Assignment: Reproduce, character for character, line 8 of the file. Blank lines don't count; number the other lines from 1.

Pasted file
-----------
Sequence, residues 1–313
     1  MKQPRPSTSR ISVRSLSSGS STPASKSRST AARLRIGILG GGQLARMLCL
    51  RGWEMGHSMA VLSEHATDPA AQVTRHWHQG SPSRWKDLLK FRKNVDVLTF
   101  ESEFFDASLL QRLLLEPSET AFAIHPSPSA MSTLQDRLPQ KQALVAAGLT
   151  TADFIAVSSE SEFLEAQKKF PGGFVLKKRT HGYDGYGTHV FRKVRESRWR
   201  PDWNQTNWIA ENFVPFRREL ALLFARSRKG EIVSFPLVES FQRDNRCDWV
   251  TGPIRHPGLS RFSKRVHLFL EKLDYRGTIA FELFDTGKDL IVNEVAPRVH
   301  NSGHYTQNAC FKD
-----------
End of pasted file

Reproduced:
   301  NSGHYTQNAC FKD